Japan’s Defense Ministry Lacked a Sense of Urgency on Balloons

Airspace incursions cannot be overlooked just because they were carried out by unmanned balloons. The government should deal appropriately with unexpected new situations.

The government has announced its view that flying objects confirmed in Japanese airspace on three occasions — in November 2019, June 2020 and September 2021 — are “strongly suspected” to have been Chinese spy balloons.

All of these balloons were similar in shape to a balloon shot down by the U.S. military. The Defense Ministry made this judgment based on information obtained from the United States.

Flying a balloon into the airspace of another country without permission is nothing more than an infringement of sovereignty. It is not surprising that Tokyo asked Beijing to confirm the facts and prevent a recurrence.

However, it is deplorable that the Japanese government now suddenly claims that the balloons detected a few years ago were a threat to national security.

The balloon detected in June 2020 was witnessed by many people in Miyagi Prefecture and surrounding areas. Then Defense Minister Taro Kono explained that the balloon “had no impact on security” and said, “Please ask the balloon itself” when questioned about its destination.

At the time, the Miyagi prefectural police dispatched a helicopter. The Defense Ministry left the response entirely to the police.

What were the grounds for Kono to have stated that there was no impact on security? It is regrettable that the defense authorities lacked a sense of urgency.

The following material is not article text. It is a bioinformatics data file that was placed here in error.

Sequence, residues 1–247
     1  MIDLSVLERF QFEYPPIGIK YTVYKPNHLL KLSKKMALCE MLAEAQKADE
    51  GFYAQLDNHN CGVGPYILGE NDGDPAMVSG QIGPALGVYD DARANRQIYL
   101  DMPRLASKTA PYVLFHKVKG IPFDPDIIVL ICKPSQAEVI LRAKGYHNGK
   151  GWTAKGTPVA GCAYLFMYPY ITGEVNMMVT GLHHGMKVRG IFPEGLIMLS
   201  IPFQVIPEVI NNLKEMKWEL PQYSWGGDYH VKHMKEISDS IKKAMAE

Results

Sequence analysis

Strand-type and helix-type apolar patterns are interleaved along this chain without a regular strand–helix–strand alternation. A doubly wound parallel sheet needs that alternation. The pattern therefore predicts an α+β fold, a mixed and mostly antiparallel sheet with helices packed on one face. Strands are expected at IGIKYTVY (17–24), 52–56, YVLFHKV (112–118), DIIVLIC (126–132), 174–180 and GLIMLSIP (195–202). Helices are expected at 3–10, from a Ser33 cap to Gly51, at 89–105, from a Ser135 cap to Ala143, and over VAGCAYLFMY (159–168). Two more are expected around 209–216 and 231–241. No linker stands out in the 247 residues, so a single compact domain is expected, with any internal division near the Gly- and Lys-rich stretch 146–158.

The government plans to relax the criteria for the use of weapons by changing the interpretation of the Self-Defense Forces Law in preparation for a case in which a balloon or drone intrudes into Japanese airspace.

The requirements for the use of weapons have so far been limited to the “right of self-defense and an act of necessity.” The government intends to include in the requirements “protection of the lives and property of citizens on the ground” and “ensuring the safety of aircraft in flight.”

There is no denying the fear that balloons or drones may be loaded with hazardous materials. If they fall, they could cause serious damage. There is also a possibility that they could be used to obtain important information related to security or interfere with civilian aircraft.

It is understandable that the government intends to change its interpretation of the law in order to respond to new threats. It is vital to establish guidelines on the assumption of dealing with balloons or drones and confirm the procedures.

Technical challenges remain in dealing with balloons.

Balloons that fly at high altitudes and move little are difficult to detect by radar. It is also absolutely necessary to identify whether they are unmanned or manned before deciding to shoot them down. It is essential that Japan and the United States work together to enhance airspace detection capabilities.

It is difficult to shoot down an object flying at a low speed — such as a balloon — from a high-speed fighter jet. It is hoped that pilots will continue to train and acquire a high level of skill.

(From The Yomiuri Shimbun, Feb. 17, 2023)